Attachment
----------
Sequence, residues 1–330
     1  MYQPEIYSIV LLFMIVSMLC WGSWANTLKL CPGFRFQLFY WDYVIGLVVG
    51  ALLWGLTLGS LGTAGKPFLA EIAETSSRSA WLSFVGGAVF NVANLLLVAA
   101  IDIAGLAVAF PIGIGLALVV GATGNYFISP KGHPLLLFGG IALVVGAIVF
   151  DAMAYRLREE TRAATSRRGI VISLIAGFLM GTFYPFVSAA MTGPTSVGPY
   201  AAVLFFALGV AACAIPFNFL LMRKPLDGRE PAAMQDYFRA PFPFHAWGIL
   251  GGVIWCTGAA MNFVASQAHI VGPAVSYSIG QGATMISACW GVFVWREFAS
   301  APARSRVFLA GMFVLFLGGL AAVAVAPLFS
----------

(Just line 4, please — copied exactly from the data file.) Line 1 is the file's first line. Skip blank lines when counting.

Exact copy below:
   101  IDIAGLAVAF PIGIGLALVV GATGNYFISP KGHPLLLFGG IALVVGAIVF